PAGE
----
In general, in your photobook, you want to avoid two extremes: giving too much information and giving too little. If you give too much information, access to the book will be sharply reduced to something prefabricated. If you give too little information, people are simply not going to understand what you’re trying to get at.

In the latter case, the general sentiment that I often hear about this falls along the lines of “I want this to be mysterious”. Being mysterious is good — if a sense of mystery is the overall idea. But an audience will still have to understand that. This might be the hardest aspect of photobook making.

That said, obviously not every book needs to be made for an audience outside of the region where it was photographed. I suspect that the book will resonate with people in the area. At the same time, especially in light of many Westerners being indifferent about Russia’s genocidal war in Ukraine (just one of the many aspects of the region that’s not understood well — if at all), it’s exactly Western audiences that would benefit most from learning more about the region.

Stepping Out Into This Almost Empty Road; photographs and transcribed interviews by Monika Orpik; 124 pages; Ośrodek Postaw Twórczych (OPT); 2022

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1912 – 1949 – 1978

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“I picked out these portraits from an archive of approximately 600,000 photographs,” Cai Dongdong writes in the short introduction to Left, Right. “The portraits on the right-hand page of the book were taken during the Republic of China government from 1912 to 1949; those on the left-hand page were taken after the founding of the People’s Republic of China until China’s reform and opening up, from 1949 to 1978.”

The photographs all show women, whether alone or in groups. The pairings were done based on ages, clothes, gestures, and poses (the amount of work going into whittling down 600,000 photographs into these pairings is hardly imaginable). The result is fascinating and bewildering in a number of ways.

To begin with, if there were differences in available photographic materials, they are not apparent (at least to this pair of untrained eyes). There is, in other words, no stark contrast between the two photographs, where the more recent one would look considerably more modern (such as if, for example, you paired a tintype portrait with a silver-gelatin print). While this fact might (or might not) be of interest for photography historians, for a non-specialist viewer the artifice of photography itself does not force itself in between the two pictures.

In any pair of photographs, the viewer will inevitably create connections between them, regardless of how cognizant they are of the fact that they’re doing it. When two photographs look very similar, the this-looks-like-that game will be played. Much like in one of those old-fashioned visual games you used to find in old cross-word-puzzle magazines where two images were presented, with a given number of differences to be identified, the closer two photographs look, the more even small differences become apparent.

However, when looking at portraits, this game changes, given that when we look at a picture of a person, we think that we look at the person her or himself. There always is that jump to the human face and to imagining something about the person. Two more or less random strangers (or groups of strangers) that look very similar set off any number of thoughts in a viewer’s head. That’s the game being played in Left, Right.

Of course, there is the added complication (if we want to use that word) that the two time periods in question refer to two starkly different political regimes in China. There also is the added fact that up until World War 2, colonial powers and occupiers played huge and typically very malignant roles in the country, whether it was European powers or, later, Japan with its gruesome colonial puppet state (and associated mass atrocities).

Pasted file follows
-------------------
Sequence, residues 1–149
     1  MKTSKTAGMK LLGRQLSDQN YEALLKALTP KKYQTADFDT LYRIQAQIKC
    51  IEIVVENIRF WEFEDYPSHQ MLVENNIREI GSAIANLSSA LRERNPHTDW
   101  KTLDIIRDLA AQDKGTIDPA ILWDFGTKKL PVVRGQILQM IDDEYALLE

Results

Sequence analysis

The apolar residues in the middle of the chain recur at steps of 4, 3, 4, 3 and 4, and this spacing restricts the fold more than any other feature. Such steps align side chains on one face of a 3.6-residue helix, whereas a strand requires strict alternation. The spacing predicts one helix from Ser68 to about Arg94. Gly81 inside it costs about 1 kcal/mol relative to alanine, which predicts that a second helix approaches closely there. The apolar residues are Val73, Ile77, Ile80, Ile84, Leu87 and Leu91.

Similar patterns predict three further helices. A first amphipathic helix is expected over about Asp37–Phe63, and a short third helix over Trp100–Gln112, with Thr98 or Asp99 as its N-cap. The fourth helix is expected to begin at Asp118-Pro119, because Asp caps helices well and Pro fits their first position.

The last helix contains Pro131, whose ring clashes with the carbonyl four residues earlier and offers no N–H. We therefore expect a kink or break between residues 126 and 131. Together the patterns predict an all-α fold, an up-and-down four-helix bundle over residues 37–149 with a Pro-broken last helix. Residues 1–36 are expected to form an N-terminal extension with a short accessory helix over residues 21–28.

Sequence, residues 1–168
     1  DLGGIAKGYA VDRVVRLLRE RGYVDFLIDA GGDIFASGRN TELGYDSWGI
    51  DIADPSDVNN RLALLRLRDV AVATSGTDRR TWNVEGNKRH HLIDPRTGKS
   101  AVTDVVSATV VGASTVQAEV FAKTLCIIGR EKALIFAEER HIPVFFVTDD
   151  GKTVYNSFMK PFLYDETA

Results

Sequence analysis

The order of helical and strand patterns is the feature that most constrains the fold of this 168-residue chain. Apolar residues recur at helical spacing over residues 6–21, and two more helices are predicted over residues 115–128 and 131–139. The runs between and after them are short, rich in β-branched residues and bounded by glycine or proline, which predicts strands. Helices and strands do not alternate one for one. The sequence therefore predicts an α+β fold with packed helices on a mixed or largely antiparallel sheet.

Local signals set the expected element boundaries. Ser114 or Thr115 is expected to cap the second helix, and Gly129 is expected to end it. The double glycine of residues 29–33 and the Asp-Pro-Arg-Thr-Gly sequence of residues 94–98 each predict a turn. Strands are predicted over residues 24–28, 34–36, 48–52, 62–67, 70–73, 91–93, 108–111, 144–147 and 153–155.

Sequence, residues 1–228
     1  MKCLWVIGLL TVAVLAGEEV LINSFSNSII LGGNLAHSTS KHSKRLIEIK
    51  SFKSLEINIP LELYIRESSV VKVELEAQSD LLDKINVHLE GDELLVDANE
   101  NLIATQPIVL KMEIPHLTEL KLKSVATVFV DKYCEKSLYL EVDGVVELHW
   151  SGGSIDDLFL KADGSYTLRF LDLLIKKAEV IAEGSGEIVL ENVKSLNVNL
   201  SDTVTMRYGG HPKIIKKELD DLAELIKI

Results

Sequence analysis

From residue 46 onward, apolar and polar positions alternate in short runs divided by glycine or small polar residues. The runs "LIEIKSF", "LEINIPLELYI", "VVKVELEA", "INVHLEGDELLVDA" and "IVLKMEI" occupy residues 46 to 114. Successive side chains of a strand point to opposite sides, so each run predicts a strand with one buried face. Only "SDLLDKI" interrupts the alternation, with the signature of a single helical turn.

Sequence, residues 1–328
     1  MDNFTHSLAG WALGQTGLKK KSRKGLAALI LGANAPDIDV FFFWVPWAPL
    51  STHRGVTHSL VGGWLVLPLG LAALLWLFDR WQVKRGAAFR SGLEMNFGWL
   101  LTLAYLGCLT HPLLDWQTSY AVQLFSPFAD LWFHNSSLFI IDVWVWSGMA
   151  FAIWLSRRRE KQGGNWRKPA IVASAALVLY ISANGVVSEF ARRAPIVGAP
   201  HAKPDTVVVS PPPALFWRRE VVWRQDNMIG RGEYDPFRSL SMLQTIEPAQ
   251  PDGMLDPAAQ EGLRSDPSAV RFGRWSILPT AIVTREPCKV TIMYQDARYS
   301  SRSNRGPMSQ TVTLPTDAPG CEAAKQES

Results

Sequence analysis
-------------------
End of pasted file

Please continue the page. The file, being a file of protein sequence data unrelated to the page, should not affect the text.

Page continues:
None of that is apparent in the pictures, though. Or maybe almost none. If you look carefully, you can detect a few “Mao uniforms”. But the photographs were matched to be visually similar, so the corresponding dress from the earlier period is very similar. This is a nifty device that cuts out easy and shallow interpretations of the historical periods based on the pictures at hand (if you prefer such comparisons, you will have to look at different historical material).

Instead, things always boil down to the individual herself. It’s very easy to forget this, but ordinary people have almost always led mostly ordinary lives in any period of history of any given country. There might have been the occasional very drastic period where that was not the case. For the most past, these tend to be very short lived, though, providing exceptions to the rule. Furthermore, even in such periods, history still tends to get written on a large scale, a scale that glosses over the individual.

Left, Right focuses on the individual. It focuses on the fact that once you eliminate surface layers — types of clothing, say, you get to realize that across different historical periods, people have mostly lived very similar lives, focusing on their loved ones and trying to assert themselves in the tiny societal bubbles they lived in. This possibly is our only chance to learn something from history, which, after all, is unfolding right in front of our own eyes: we have to realize that it’s individuals, human beings like us, who make history.

Anyone interested in book making might want to pick up a copy as well. The book uses traditional Asian binding, and its pages are very thin sheets of paper that are folded onto themselves. Given that the book centers on China, this is an obvious, yet very good choice. I’m personally a fan of books made this way: I enjoy how they feel even more like an object than regular books. This particular example is incredibly well made, down to the creation of information on the spine and the added back and front covers.


Left, Right; archival photographs edited by Cai Dongdong; 144 pages; La Maison de Z; 2022

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Much like journalism, photography criticism involves a huge investment of time and resources. When you become a subscriber, you not only get access to more of my work. You will also help me produce it (including the free content on this site).